Objectives: To explore the existence of socioeconomic differences in probability and intensity of general practitioner (GP) and specialist contacts among the Belgian elderly population, compared with the younger population.
Methods: A nationally representative cross-sectional study based on 4,825 older (≥65) and 14,738 younger participants (<65) in the Belgian Health Interview Surveys 2001 and 2004. Socioeconomic differences in contacts with a GP and specialist were examined using two-part hurdle models; use versus nonuse by logistic regression, and intensity of use by zero-truncated negative binomial regression.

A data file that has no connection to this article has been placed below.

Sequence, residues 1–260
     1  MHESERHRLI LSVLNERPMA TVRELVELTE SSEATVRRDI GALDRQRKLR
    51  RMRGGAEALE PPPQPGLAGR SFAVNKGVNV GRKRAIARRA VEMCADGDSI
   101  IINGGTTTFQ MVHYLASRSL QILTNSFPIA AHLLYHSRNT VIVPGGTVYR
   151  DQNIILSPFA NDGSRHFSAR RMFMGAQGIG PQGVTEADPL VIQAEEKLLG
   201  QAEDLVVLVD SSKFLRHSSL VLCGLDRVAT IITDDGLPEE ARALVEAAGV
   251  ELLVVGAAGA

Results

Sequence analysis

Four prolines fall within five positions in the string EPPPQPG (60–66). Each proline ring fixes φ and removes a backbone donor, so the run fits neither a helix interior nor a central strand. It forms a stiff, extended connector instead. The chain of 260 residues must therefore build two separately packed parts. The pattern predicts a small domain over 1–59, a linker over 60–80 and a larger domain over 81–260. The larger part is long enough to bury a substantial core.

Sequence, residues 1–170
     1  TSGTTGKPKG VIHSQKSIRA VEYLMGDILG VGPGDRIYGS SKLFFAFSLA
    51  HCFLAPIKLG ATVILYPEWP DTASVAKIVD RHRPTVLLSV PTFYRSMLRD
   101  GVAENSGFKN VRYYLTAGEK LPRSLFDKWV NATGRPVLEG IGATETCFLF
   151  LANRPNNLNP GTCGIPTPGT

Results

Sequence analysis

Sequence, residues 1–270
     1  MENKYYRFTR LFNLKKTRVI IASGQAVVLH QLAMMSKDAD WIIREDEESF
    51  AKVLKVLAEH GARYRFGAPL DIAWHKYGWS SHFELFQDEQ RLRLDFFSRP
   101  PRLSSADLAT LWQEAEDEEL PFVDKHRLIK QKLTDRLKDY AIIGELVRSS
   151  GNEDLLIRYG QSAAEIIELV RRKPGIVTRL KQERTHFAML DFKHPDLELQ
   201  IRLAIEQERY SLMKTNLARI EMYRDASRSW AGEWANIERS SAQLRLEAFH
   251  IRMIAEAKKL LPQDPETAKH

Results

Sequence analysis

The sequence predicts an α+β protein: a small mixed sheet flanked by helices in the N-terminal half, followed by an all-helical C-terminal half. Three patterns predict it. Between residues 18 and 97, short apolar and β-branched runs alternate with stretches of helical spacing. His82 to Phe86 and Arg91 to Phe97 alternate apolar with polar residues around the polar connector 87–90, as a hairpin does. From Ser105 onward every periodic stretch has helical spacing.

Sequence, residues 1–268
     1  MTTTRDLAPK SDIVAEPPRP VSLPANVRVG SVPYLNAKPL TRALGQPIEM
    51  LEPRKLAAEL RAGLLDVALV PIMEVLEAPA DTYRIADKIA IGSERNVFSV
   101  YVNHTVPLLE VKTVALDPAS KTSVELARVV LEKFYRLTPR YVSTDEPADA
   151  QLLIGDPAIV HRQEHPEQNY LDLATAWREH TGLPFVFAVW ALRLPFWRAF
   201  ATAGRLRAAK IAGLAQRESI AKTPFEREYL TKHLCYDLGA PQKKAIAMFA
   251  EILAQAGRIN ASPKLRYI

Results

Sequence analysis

Results: The intermediate income group was more likely to contact a GP and tenants reported more GP contacts. Lower educated older persons were less likely to contact a specialist and household income seemed to play a role in the intensity of specialist contacts.
Conclusions: The probability and intensity of general practitioner and specialist contacts among the Belgian older population are mainly determined by sociodemographic and health status variables, but a certain degree of inequity remains. The socioeconomic gradient differs in probability and intensity of contacts, indicating the advantage of using a two-part model in investigating socioeconomic differences in healthcare utilisation.